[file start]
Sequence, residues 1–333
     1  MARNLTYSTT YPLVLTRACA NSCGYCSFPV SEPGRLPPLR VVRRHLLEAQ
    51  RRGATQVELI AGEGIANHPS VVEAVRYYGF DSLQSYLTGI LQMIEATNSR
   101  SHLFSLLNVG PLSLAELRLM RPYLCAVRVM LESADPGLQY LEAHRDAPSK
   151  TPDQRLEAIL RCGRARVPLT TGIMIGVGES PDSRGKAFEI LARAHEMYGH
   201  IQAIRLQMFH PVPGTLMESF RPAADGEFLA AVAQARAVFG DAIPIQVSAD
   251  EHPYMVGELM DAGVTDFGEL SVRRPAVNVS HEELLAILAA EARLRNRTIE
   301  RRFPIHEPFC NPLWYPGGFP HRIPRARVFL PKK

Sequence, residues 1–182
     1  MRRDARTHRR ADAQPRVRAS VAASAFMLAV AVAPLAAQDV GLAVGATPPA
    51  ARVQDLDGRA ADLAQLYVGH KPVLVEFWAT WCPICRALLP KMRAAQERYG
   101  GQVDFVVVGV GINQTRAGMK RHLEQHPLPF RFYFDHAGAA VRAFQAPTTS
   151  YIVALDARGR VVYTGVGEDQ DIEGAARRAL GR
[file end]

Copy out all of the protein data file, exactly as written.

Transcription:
Sequence, residues 1–333
     1  MARNLTYSTT YPLVLTRACA NSCGYCSFPV SEPGRLPPLR VVRRHLLEAQ
    51  RRGATQVELI AGEGIANHPS VVEAVRYYGF DSLQSYLTGI LQMIEATNSR
   101  SHLFSLLNVG PLSLAELRLM RPYLCAVRVM LESADPGLQY LEAHRDAPSK
   151  TPDQRLEAIL RCGRARVPLT TGIMIGVGES PDSRGKAFEI LARAHEMYGH
   201  IQAIRLQMFH PVPGTLMESF RPAADGEFLA AVAQARAVFG DAIPIQVSAD
   251  EHPYMVGELM DAGVTDFGEL SVRRPAVNVS HEELLAILAA EARLRNRTIE
   301  RRFPIHEPFC NPLWYPGGFP HRIPRARVFL PKK

Sequence, residues 1–182
     1  MRRDARTHRR ADAQPRVRAS VAASAFMLAV AVAPLAAQDV GLAVGATPPA
    51  ARVQDLDGRA ADLAQLYVGH KPVLVEFWAT WCPICRALLP KMRAAQERYG
   101  GQVDFVVVGV GINQTRAGMK RHLEQHPLPF RFYFDHAGAA VRAFQAPTTS
   151  YIVALDARGR VVYTGVGEDQ DIEGAARRAL GR